Stephen Poloz acknowledges “We are in uncharted territory”

“Faced with the recent failure of many of its economic models, the Bank of Canada says it is now relying more on anecdotal evidence, including ‘conversations with real Canadians’ and regular meetings with chief executives.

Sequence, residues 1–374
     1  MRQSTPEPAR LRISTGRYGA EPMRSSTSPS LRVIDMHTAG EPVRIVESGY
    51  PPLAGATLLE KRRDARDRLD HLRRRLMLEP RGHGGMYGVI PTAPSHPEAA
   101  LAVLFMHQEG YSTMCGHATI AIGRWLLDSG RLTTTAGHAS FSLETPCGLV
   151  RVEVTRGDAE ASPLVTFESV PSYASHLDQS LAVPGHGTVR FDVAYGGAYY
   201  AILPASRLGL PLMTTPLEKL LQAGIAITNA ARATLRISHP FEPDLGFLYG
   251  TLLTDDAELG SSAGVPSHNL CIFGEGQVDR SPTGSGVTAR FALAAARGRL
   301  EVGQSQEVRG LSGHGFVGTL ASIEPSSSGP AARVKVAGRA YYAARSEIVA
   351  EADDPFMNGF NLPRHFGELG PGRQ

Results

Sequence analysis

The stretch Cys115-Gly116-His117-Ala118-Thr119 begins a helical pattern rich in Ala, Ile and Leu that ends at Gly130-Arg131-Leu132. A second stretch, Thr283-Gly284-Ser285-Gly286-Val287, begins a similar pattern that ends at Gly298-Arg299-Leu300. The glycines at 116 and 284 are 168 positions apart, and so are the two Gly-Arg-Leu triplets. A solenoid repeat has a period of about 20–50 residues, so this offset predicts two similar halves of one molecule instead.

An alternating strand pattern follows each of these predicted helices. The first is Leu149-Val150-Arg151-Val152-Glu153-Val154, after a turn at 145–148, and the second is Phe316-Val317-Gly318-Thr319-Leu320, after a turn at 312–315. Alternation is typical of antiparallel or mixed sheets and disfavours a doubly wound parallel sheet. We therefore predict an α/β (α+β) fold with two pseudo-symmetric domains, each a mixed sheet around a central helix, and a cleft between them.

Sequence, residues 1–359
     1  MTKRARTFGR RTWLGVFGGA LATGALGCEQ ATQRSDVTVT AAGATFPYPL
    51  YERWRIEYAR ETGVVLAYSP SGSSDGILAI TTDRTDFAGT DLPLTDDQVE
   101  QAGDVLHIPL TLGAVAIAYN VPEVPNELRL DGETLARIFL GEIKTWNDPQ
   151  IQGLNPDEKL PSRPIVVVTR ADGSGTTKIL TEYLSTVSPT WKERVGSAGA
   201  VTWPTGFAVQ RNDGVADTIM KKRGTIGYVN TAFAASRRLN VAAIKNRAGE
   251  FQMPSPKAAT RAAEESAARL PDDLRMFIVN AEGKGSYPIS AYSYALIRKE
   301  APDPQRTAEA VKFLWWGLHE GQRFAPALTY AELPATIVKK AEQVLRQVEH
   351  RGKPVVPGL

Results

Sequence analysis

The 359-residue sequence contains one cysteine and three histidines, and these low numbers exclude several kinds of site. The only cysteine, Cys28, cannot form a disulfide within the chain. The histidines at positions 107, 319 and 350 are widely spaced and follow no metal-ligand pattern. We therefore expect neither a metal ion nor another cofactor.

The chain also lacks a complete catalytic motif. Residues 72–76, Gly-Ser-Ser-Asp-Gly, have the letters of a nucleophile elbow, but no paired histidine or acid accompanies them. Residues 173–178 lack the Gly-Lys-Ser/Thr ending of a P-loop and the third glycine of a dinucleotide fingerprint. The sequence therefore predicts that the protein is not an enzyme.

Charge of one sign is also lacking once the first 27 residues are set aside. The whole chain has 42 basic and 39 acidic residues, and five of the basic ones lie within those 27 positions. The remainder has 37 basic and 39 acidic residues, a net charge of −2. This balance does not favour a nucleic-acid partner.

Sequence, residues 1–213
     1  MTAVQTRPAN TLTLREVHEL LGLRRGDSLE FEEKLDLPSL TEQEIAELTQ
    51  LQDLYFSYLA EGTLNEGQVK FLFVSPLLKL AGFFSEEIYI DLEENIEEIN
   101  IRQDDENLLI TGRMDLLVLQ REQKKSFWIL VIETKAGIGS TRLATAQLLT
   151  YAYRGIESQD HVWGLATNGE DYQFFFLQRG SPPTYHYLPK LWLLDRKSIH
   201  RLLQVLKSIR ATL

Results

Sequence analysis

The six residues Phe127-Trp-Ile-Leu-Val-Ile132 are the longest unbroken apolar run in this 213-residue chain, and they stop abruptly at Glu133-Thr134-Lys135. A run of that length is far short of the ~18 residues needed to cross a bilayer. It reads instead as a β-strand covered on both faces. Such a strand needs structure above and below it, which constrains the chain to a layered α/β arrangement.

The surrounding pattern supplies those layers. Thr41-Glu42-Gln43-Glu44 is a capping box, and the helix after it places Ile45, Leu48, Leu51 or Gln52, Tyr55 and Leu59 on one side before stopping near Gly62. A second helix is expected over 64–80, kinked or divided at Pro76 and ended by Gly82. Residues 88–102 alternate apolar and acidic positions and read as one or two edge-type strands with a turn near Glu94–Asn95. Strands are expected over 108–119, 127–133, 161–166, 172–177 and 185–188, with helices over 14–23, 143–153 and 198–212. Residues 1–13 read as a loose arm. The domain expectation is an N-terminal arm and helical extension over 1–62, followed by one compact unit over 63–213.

‘We are in uncharted territory,’ Bank of Canada Governor Stephen Poloz acknowledged in a message contained in the central bank’s 2013 annual report, released Friday.” Barrie Mckenna wrote for the Globe and Mail. Mckenna continued, “‘The world has clearly changed since the global financial crisis.’ Mr. Poloz said bank economists have been struggling to adapt to a ‘new reality’ since the crisis, making it much tougher to predict where the economy is headed. He acknowledged that the economy has ‘fallen short of our expectations.’ Mr. Poloz and other top bank officials have acknowledged in recent speeches and statements that the economy has not picked up as rapidly as initially expected, with exports weak and inflation well below its 2-per-cent target. Earlier this month, deputy Governor John Murray admitted that the economy hasn’t been behaving as the bank’s models suggested it should. Inflation is stubbornly low, exports aren’t bouncing back with global demand and businesses have cash, but aren’t investing. Meanwhile, the housing market seems to defy gravity, even as all the usual warnings signs – including record-high debt levels and prices – are flashing red. ‘The macroeconomy has not been unfolding exactly as we had expected,’ Mr. Murray said bluntly.” Read the full article here. | Raymond Matt, CFP, CLU, TEP, CHS  

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